About 7 minutes up the road, we pulled into the parking lot and there stood a group of young men just standing around in the parking lot. As we approached they pointed to a parking spot, we parked, gathered our things and headed to the dock. The dock was only a few yards away from the car, so from the car we could see the armed officers guarding the dock like it was a custom’s border.
The officers started talking to Bob in a somewhat aggressive tone, so we just stood there patiently waiting for them to ask for our passports. I had read about random checkpoints so Stoney and I made sure to bring our passports.
I had no idea what they were saying but they appeared to be asking a lot of questions. Meanwhile, Bob kept looking back at us, assuring us that everything was okay. Next, they start searching him (patting him down) and after the pat down and searching the cooler, Bob removed the wine that he brought for me, from the cooler, and took it back to the car.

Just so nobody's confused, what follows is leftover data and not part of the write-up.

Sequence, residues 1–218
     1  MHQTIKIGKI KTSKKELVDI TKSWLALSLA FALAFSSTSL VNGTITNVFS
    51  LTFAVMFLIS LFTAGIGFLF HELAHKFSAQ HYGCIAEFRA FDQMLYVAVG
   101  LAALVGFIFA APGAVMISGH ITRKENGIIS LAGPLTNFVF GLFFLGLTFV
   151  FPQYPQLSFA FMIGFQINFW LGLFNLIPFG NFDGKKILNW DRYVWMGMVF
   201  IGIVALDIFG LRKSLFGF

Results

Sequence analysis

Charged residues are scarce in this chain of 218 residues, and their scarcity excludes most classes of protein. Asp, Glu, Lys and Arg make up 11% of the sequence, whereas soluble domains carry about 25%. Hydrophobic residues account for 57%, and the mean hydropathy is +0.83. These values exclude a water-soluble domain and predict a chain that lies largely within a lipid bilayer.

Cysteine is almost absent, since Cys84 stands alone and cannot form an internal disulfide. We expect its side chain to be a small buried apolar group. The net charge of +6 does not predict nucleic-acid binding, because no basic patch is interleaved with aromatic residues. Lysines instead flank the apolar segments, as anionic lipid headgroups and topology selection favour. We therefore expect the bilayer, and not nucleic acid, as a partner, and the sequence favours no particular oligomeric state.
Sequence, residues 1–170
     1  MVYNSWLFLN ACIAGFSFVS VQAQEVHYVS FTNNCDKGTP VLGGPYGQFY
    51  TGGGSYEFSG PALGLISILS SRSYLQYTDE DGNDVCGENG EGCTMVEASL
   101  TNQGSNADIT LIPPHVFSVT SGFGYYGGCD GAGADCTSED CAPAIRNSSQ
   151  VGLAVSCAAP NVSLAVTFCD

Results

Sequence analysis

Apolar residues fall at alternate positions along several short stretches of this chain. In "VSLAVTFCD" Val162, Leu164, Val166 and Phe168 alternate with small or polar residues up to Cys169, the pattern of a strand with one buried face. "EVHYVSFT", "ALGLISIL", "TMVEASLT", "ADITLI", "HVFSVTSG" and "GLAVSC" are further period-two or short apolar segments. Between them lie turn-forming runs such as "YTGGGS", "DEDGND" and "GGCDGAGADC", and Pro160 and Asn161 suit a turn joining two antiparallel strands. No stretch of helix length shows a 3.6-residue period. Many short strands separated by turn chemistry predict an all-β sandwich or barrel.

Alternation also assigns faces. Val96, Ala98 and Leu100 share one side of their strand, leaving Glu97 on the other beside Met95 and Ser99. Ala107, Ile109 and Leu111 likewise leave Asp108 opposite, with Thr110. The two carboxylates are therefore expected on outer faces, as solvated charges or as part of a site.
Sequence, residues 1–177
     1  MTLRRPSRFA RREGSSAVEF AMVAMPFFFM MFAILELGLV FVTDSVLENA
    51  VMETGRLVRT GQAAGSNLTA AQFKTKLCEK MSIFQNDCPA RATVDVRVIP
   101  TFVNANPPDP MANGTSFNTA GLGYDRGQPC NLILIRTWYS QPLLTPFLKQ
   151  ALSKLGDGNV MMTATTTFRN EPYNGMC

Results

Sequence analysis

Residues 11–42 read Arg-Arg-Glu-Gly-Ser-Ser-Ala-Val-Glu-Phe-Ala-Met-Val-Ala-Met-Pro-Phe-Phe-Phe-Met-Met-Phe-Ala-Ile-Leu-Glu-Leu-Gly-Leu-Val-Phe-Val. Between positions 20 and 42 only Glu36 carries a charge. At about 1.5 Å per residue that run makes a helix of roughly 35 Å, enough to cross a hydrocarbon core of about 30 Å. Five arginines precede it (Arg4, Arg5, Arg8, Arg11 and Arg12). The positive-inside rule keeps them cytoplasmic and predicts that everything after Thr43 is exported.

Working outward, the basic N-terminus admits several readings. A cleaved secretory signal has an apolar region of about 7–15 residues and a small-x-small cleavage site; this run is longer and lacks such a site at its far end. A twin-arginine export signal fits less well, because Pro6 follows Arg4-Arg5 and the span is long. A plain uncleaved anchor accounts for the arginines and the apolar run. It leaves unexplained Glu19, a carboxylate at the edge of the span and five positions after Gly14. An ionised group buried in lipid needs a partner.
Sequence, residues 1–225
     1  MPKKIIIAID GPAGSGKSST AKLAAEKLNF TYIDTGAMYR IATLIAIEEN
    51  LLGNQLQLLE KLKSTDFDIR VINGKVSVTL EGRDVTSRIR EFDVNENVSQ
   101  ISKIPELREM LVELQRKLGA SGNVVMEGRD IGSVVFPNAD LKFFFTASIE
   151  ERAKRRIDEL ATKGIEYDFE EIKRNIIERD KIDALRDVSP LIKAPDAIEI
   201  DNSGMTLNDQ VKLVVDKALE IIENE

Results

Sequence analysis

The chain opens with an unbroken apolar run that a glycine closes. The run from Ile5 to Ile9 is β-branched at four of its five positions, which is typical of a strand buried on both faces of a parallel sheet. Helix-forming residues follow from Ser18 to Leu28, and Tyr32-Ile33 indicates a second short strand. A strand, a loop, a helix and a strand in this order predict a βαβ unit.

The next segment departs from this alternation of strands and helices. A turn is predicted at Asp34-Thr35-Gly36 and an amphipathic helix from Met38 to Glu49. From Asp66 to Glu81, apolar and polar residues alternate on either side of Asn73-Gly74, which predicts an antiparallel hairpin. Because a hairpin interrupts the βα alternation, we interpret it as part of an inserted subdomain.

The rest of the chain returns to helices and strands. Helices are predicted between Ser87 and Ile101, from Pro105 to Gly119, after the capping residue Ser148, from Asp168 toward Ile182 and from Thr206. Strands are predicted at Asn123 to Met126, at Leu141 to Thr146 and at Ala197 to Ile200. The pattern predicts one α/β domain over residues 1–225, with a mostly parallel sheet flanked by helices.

They quickly eyeball the inside of my bag and we proceed to get on the boat.
All seems well, we’re all on the boat and we’re about to pull off when they ask my Bob to get back off the boat. The entire time I’m thinking they’re asking more questions about us, like, where are we from, why are we in Panama, etc. Or maybe they remembered to ask for our passports. But I say nothing and sit quiet. Stoney was so overwhelmed by the little a$$ boat that I didn’t think he was paying attention to or cared what was going on around us. He was just trying not to drown lol. He probably secretly hoped they told us that we couldn’t go on the boat. If there was another way, other than these tiny boats, to get across to any of the beaches we wouldn’t be here fooling with this boat or these officers if it was up to Stoney.